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Friday, April 1, 2011

Self-Promotion: Shameless or Forgivable?

There is an art to advertising...and most writers and authors cannot conceive of it, let alone pull it off.  It's torture, really...websites, blog tours, press releases, internet connectedness, book signings, public speaking, interviews...the list is endless.  It takes a certain something, a bit of flair that tends to elude us.  It's like requiring a housewife to go out and pick up men; you have to whore yourself the very same way if you hope to ever sell a book.

Take a writer who spends hours and hours alone and staring at a computer screen, and then ask them to advertise themselves.  Uh...FAIL.


There are many things a writer can do to self-advertise - I'll talk about them in another blog entry - but the question here is how to cope with your own self-promotion.  The answer is the same as coping with a bad review:  prepare yourself.

Self-promotion is in many ways shameless.  You're prostituting yourself to sell your book.  You're giving away bits of personal information trying to connect with readers.  You're slowly transforming yourself into a multi-level marketer, first hitting up everyone you know to buy your book, and then hitting up everyone they know, and so on and so forth until it sells.  It's painful, and you will undoubtedly manage to alienate a few friends as you push your paper (or ebook) on them.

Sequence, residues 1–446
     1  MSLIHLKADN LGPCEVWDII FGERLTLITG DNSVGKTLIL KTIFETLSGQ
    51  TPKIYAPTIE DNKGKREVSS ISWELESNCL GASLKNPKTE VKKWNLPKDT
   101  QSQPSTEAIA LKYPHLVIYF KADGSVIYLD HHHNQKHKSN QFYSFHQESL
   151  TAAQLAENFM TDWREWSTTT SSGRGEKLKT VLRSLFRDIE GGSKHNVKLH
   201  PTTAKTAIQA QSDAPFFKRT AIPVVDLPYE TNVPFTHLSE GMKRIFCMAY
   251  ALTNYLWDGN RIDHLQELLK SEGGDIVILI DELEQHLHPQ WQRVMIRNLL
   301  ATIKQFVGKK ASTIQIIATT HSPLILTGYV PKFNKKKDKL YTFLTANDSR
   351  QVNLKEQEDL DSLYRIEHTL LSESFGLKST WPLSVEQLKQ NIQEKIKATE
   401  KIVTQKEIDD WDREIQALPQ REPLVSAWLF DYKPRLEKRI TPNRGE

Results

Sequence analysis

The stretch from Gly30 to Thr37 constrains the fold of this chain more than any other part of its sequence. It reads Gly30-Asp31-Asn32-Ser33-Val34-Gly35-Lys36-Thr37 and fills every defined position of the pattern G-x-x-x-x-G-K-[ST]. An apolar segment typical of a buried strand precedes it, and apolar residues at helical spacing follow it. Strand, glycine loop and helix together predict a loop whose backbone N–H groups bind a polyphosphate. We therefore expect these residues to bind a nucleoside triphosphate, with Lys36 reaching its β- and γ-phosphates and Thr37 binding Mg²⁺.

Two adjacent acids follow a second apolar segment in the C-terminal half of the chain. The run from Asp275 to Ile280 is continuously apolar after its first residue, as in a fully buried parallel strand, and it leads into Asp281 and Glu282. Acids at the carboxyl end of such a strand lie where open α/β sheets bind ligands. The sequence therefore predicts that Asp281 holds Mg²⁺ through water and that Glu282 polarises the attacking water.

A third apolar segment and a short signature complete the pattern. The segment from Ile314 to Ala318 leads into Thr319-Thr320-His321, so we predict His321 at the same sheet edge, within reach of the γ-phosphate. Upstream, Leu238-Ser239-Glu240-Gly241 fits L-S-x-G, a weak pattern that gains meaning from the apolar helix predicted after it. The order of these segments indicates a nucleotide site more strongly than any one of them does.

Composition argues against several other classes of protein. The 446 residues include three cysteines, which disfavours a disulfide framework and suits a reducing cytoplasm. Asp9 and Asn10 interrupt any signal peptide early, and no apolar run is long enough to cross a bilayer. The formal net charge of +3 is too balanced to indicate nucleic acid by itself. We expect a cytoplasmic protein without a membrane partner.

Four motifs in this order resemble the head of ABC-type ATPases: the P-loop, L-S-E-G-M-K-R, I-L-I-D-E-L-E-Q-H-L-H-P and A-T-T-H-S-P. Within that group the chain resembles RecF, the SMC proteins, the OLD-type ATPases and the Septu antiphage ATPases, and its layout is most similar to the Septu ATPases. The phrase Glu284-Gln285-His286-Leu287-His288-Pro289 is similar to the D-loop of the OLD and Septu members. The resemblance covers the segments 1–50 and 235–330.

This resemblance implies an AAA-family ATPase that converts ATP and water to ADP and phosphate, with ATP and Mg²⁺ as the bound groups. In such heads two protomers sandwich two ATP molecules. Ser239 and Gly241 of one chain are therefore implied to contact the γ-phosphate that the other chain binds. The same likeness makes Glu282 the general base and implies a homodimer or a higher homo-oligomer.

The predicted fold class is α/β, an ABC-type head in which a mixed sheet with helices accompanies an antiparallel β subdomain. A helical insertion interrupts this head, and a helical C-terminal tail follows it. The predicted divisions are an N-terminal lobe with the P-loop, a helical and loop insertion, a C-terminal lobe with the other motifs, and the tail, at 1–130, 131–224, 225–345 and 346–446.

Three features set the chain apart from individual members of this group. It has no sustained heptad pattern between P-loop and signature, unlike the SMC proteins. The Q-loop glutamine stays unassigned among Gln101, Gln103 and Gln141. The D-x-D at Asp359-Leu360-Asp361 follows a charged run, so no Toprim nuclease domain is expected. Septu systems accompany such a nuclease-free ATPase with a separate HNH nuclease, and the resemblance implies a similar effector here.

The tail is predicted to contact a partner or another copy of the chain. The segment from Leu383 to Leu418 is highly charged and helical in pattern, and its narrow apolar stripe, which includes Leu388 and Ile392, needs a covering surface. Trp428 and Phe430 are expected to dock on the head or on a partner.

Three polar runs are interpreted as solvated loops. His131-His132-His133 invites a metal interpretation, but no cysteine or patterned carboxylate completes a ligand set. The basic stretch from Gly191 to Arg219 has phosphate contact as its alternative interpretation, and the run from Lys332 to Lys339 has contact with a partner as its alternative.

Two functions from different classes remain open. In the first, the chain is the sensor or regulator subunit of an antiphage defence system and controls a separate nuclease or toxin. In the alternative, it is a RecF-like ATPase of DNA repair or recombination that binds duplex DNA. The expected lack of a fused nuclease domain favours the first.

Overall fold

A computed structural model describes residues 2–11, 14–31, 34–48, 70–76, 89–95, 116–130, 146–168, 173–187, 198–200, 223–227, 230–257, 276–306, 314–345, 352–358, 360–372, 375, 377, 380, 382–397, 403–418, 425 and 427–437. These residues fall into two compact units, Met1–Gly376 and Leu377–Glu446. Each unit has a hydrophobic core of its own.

But you must.  It's advertising.  And if you do it so that your excitement trumps your insistence - and give up at the right time, which right time is waaaaay before they delete you from their facebook friends - it becomes forgivable.

Shameless works for some, but those are the people who are used to prostituting themselves; some of us just have a knack for it.  Most writers don't.  We have fewer friends than your average citizen because we spend more time on our own projects.  To be shameless, or even seen as shameless, we risk losing our associations.

To be forgivable, then, you must:  Quit while you're ahead.  Be more eager about your book than about your sales.  Respect your audience; advertise to those you know will like your book...or those who will like being able to say that they "knew you when".  Be casual when you mention your work.  Make sure your writer blog, facebook posts, twitter tweets, and other bits and pieces of you online are about things, hobbies, and experiences unrelated to your book.  Ask friends who love you AND your work to drop your name occasionally on their online accounts.  Shut up and listen for a change.

Is self-promotion shameless or forgivable?  It all depends on how you handle it.  It's a challenge, but it is also a manageable one.  To quote Dr. Laura:  "Do the right thing."  Good luck.

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